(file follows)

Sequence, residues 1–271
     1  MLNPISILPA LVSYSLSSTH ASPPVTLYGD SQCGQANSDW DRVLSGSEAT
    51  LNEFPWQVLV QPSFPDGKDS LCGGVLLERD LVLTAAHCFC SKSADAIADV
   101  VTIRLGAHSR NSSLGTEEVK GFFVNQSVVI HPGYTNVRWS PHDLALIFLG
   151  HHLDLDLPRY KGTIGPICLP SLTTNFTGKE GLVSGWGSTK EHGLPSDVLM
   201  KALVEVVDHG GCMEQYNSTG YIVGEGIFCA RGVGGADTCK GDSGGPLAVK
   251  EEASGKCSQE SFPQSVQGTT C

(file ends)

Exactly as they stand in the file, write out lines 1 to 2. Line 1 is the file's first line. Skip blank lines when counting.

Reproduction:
Sequence, residues 1–271
     1  MLNPISILPA LVSYSLSSTH ASPPVTLYGD SQCGQANSDW DRVLSGSEAT